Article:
Thursday, October 25, 2007

The Ruthlessness Factor

My conjecture that the Republicans treated Pete Stark as a sign of vulnerability in Democratic leadership, which they could then exploit in going after Nancy Pelosi, seems to have attracted some attention over at Truthdig. Reader Outraged now seems convinced that the Republicans are planting moles among the Democrats, so they can plan and implement further attacks. I certainly agree that the concept of a "loyal opposition" has become about as quaint and outmoded as the concept of "public trust;" but I suspect that the adversarial relationship between Republican and Democrats has not (yet?) escalated to a level of Cold War thinking. Everyone has vulnerabilities; but, in a town that has as many off-the-record blabbermouths as the District, you do not need undercover agents to figure out what they are!

Rather, I think it is just that the era of the "loyal opposition" has given way to an era of overt ruthlessness; and I’m afraid the problem is that the Republicans are just a lot better at that overt ruthlessness than the Democrats are when it comes to playing power games; and ruthlessness trumps reasoned deliberation in the face of complex problems every time. Indeed, "ruthless" is the adjective that dare not speak its name in Isaiah Berlin's essay on "Political Judgement;" but there is no doubt that it is lurking in the subtext. After all, Bismarck is one of Berlin's prime examples; and he was about as ruthless as they get.

This is not to say that ruthlessness was not a factor in the good old days of "loyal oppositions;" and it is not as if Democrats have always been naive about ruthlessness. What, after all, was behind LBJ's famous "I've got his pecker in my pocket" metaphor? The problem seems to be that inter-party ruthlessness now undermines deliberation, and one of the most important contributions that the Congress makes to the balance of powers is its capacity for deliberation. However, if we have now slipped down to the bottom of the Maslow hierarchy, dispensing with deliberation in favor of acting for immediate self-gratification, then Eugene Robinson's editorial last June about the need for a "brainiac president" is way off the mark. After all, the brainiac was always the first kid to get the crap beaten out of him by the school bullies; or, in a more innocuous setting, the brainiac is the victim of Lucy van Pelt in Peanuts, who once said, "He was beginning to make sense, so I hit him."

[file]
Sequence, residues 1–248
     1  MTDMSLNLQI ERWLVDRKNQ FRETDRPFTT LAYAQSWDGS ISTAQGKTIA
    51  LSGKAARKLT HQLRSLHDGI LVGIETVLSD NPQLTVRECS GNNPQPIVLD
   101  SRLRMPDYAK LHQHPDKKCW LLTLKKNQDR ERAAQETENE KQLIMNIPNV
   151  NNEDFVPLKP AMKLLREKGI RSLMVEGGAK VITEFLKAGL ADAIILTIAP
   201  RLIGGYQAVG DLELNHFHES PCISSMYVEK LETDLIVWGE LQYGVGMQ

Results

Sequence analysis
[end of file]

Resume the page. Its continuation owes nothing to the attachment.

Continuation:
So this brings me back to yesterday's agonizing over the extent of the corruption of the body politic and the need for the how-did-we-get-in-this-mess question. One explanation may be that ruthlessness trumps deliberation because it is far more entertaining. After all, how many people actually watch the C-SPAN coverage of the Congress, compared to the number of people who watched Glenn Beck deliver his serves-them-right fulmination over the victims of the California fires? For that matter, how large an audience did Don Imus attract for doing the very things that eventually got him kicked off the air? In the language of the preceding paragraph, in the business of mass media, the market for school bullies is always going to dwarf the market for brainiacs; and, like it or not, political decisions and actions now have far more to do with what "sells" than with the subtle questions that arise in the course of deliberation. Whether or not this is the government we deserve, it certainly appears to be the government we want!

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